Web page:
IRS and jokes are up there high, neighbors in the search game living next door to one another, which seems appropriate.  Those AOL searchers first go to the IRS site and provide themselves with a downer and a shot of Jack Daniels Black.  Then they ponder whether to shoot themselves and decide what they need is a good joke, instead, for an upper.

American Idol, hairstyles and NASCAR.

Whew.  Nice combo.  I’m trying to visualize the hairstyle a person would put on an American Idol…. coming up with something between an Elvis ducktail and a Jimi Hendrix Afro… but neither of those is likely to blow in the wind the way it should speeding around a track hitting stuff wheels flying balls of fire and explosions of gasoline cheering crowds.  I’m not sure how all that fits together.

I’m running out of steam running out trotlines for AOL searchers, but I’m safe.  Fact is, Lottery…. yeah, lottery is right up there among the most searched for words.  And Lottery Post is the most searched for combination of words those smart AOL types are after.  That and gas prices.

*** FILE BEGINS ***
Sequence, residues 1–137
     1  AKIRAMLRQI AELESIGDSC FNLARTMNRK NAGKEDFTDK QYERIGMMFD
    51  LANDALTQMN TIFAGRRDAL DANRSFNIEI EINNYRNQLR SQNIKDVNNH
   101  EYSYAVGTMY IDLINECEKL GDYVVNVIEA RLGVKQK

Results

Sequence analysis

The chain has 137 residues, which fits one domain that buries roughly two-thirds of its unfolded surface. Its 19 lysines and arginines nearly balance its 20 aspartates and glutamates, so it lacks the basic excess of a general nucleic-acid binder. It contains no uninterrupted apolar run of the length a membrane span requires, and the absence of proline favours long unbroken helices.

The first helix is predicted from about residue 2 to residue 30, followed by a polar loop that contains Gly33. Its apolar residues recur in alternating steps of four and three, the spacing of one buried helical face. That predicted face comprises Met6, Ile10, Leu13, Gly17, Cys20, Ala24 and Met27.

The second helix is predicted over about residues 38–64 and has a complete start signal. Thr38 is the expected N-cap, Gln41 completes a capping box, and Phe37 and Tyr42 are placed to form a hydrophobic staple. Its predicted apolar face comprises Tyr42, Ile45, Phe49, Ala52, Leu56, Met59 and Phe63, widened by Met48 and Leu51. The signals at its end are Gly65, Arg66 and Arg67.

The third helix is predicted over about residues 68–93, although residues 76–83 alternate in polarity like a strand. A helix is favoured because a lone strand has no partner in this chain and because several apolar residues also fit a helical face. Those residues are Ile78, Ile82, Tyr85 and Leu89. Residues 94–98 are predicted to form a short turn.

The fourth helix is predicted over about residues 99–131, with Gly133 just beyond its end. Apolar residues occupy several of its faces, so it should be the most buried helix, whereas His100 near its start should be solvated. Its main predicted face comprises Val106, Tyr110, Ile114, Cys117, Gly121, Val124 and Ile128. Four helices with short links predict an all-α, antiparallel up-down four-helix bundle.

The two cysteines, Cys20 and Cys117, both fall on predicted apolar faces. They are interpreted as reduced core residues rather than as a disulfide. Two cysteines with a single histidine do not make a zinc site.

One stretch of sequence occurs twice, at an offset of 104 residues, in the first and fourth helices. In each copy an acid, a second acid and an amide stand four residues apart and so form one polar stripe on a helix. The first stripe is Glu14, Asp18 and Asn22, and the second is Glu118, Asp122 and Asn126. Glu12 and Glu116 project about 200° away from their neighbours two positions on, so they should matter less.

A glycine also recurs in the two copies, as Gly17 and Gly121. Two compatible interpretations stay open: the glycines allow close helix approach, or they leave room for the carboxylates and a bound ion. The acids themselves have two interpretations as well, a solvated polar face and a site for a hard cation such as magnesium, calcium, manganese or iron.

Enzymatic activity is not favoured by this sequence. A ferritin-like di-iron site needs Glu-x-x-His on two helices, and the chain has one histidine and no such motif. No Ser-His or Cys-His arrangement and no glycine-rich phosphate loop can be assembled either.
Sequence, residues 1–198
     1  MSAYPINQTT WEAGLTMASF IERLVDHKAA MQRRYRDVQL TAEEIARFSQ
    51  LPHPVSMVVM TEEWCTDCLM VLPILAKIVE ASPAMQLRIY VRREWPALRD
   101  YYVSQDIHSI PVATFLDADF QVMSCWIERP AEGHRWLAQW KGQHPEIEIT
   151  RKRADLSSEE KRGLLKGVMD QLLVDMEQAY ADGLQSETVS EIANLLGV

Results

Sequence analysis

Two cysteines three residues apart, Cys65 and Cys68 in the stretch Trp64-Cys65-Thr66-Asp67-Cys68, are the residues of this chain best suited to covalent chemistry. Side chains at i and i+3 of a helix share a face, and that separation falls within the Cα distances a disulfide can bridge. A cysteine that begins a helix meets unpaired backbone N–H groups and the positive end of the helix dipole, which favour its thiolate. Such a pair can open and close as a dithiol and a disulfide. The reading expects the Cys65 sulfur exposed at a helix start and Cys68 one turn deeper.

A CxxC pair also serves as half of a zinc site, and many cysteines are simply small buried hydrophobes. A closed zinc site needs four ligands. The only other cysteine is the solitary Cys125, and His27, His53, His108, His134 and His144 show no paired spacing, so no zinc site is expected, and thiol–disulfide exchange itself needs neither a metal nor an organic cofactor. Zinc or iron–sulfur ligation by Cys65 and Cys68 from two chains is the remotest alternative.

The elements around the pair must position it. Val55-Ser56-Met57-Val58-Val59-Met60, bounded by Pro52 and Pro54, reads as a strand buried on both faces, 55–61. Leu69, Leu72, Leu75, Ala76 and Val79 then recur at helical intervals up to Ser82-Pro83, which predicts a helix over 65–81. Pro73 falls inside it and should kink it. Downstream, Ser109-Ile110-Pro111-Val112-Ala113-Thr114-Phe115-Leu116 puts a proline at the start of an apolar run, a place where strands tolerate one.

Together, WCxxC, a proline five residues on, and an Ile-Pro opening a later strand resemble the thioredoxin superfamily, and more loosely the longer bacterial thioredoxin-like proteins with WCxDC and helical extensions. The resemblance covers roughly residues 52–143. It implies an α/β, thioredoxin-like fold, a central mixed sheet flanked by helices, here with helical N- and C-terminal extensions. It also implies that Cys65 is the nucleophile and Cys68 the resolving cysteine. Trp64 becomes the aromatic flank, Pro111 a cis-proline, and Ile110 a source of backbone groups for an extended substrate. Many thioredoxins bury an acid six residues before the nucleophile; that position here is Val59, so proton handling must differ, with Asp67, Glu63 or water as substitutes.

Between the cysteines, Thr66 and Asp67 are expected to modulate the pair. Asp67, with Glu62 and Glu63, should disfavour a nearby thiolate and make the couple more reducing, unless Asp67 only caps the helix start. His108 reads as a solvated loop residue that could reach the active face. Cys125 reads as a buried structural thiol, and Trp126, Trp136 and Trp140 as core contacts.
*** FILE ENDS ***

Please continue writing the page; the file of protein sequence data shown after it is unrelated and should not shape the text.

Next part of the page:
Lotteries, hairstyles and tattoos.

Boggles the mind, knowing what Americans are looking for on the internet.

And this blog’s what they’re gonna find instead.

Better.  Far better.

Jack

I’ll call your Bronze Star and raise a DSC

Jack wrote this in December, 2005:

This is getting hilarious.

Got some member of Congress wearing his Bronze Star, some ex-sergeant from NY with a DSC and nominated for some higher decorations saying, “I got more medals than you, so I know more.  I ain’t been elected to anything, but I been nominated for a Medal of Honor.  You don’t know jack.  I know lotsa stuff.”

Sheeze.